KUALA LUMPUR: Malaysia's free trade agreement talks with the European Union (EU), which is slated to be renegotiated after a lull of five years, must address trade barriers that discriminate palm oil.
“The EU-Malaysia Free Trade Agreement negotiation was initiated in 2010 and in 2012 it was set aside.
“We plan to renegotiate this free trade agreement soon. We look forward to discussing ways to address trade barriers that are discriminating against palm oil and hampering exports,” said Minister of International Trade and Industry Datuk Seri Mustapa Mohamed.
“The EU is a very important trading partner," he told reporters after the launch of Malaysian Consortium of mid-tier Companies here today.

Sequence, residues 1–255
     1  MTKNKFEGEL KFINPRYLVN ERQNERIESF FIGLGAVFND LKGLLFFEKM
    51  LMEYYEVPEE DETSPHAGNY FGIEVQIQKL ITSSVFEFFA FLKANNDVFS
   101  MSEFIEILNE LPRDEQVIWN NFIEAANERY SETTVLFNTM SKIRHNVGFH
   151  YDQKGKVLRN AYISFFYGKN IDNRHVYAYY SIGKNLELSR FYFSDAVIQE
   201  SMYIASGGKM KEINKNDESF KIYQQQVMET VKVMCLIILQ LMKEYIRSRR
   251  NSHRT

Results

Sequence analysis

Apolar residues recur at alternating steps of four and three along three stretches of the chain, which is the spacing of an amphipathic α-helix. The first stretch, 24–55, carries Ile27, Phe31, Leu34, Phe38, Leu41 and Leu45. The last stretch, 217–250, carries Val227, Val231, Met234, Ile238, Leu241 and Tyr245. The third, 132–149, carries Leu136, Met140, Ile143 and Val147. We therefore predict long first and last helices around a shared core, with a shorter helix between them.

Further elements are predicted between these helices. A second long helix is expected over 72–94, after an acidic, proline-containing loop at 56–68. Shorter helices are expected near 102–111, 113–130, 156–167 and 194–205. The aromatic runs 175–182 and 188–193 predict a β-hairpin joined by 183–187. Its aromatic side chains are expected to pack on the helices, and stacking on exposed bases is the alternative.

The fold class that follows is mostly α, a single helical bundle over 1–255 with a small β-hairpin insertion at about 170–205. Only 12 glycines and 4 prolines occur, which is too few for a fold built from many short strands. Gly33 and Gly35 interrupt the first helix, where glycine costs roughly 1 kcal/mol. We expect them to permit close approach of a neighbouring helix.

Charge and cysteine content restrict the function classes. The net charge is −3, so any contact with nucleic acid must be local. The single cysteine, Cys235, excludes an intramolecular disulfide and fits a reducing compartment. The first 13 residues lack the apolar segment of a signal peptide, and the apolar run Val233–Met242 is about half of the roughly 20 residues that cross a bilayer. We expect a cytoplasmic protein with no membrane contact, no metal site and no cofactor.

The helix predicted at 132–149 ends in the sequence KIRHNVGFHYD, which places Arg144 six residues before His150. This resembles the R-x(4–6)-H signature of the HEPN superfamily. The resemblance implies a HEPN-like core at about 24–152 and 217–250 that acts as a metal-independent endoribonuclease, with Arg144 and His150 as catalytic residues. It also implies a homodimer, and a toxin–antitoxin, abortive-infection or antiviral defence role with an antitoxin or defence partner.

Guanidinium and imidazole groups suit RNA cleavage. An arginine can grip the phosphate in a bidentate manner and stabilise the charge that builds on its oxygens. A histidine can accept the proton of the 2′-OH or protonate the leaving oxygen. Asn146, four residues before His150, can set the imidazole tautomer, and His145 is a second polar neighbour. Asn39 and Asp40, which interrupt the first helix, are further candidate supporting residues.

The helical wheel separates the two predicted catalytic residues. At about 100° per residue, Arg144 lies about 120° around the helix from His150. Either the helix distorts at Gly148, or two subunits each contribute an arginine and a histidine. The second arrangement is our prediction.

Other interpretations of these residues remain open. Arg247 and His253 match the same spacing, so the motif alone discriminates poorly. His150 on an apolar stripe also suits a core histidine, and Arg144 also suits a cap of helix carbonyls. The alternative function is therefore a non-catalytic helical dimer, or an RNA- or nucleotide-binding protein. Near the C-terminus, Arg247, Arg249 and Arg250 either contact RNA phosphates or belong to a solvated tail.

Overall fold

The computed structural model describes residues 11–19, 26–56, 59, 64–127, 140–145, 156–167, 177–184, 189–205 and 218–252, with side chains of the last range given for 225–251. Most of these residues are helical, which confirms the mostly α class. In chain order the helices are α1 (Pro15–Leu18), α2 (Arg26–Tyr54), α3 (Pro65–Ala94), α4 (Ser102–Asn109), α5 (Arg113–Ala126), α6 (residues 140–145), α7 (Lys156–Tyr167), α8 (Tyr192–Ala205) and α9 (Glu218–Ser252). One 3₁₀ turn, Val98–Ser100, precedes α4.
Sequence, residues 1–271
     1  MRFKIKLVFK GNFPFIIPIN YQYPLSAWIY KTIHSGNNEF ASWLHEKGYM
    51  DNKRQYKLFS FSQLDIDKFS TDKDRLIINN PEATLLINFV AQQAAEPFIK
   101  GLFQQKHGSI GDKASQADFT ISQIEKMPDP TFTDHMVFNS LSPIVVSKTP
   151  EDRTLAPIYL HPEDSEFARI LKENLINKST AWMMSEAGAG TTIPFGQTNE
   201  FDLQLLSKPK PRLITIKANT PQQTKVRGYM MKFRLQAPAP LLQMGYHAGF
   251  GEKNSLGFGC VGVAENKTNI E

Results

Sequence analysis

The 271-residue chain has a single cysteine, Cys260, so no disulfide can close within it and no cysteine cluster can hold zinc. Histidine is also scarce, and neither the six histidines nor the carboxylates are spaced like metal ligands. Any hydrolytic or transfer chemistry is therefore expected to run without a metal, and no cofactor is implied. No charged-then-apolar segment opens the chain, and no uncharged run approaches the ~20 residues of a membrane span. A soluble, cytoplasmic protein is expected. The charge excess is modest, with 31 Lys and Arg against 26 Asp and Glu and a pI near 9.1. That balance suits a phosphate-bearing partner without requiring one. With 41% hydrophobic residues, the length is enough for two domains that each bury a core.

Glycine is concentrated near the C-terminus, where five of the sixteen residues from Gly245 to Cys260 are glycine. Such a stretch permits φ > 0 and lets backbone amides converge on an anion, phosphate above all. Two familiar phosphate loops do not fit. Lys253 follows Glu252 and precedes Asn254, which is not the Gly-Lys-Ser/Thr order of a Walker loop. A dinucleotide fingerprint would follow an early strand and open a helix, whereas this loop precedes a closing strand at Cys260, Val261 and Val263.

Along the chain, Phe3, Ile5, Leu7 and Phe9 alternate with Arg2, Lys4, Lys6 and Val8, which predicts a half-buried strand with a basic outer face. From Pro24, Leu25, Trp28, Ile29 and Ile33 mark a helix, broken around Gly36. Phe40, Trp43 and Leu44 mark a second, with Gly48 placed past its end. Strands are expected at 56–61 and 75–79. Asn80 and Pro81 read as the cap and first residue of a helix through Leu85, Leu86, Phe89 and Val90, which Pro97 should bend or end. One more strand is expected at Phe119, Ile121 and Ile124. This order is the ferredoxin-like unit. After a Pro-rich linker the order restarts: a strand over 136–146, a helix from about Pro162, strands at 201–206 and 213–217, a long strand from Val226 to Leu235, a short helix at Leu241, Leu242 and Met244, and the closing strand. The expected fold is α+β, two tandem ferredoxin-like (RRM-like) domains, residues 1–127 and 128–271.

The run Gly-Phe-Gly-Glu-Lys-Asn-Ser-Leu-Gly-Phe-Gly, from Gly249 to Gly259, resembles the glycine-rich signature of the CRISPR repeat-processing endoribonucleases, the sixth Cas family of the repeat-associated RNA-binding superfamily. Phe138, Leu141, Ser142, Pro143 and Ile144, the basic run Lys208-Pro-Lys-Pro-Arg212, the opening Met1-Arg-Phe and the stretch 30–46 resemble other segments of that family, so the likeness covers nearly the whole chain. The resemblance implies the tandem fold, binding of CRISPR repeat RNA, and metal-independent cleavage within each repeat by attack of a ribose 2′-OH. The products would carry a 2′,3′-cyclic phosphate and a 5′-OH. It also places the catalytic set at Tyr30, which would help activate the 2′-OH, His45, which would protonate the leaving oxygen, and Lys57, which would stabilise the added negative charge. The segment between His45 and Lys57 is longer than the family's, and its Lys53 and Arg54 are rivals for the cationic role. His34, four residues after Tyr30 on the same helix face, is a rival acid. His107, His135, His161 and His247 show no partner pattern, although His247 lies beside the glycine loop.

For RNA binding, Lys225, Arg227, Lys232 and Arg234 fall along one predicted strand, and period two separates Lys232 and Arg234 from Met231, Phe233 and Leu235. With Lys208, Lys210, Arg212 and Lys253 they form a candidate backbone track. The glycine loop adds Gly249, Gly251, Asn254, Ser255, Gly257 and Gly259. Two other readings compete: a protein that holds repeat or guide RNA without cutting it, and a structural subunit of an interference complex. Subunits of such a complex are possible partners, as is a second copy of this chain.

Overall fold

EU is Malaysia’s biggest palm oil market, importing RM10 billion worth of palm products last year.
Malaysia and Indonesia's five million oil palm planters supply around 60 million tonnes of palm oil or 86 per cent of global output.
On mid-tier companies, Mustapa said last year, the total export revenue of 152 companies grew by 10.41 per cent to reach RM6.82 billion as compared to RM6.18 billion in 2015.
On the progress of Malaysia’s negotiation of the Regional Comprehensive Economic Partnership (RCEP), the minister said the conclusion is extended to mid-2018 from end of this year.
The RCEP is a proposed mega-regional Free Trade Agreement between 16 Asia-Pacific countries including the 10-member ASEAN countries, China, Japan, India, South Korea, Australia and New Zealand.
“We are still facing a number of challenges over the RCEP. We hope the discussions can continue in Manila, particularly towards reducing the number of existing trade barriers,” he said.